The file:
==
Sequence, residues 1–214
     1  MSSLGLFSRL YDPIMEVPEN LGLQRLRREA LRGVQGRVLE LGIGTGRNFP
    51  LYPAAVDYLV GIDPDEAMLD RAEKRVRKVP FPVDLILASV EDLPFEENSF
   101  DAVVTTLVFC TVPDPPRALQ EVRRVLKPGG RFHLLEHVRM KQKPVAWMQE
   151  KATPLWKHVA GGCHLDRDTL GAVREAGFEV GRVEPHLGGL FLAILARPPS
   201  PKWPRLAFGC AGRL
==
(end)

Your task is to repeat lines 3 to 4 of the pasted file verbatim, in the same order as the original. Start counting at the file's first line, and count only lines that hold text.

    51  LYPAAVDYLV GIDPDEAMLD RAEKRVRKVP FPVDLILASV EDLPFEENSF
   101  DAVVTTLVFC TVPDPPRALQ EVRRVLKPGG RFHLLEHVRM KQKPVAWMQE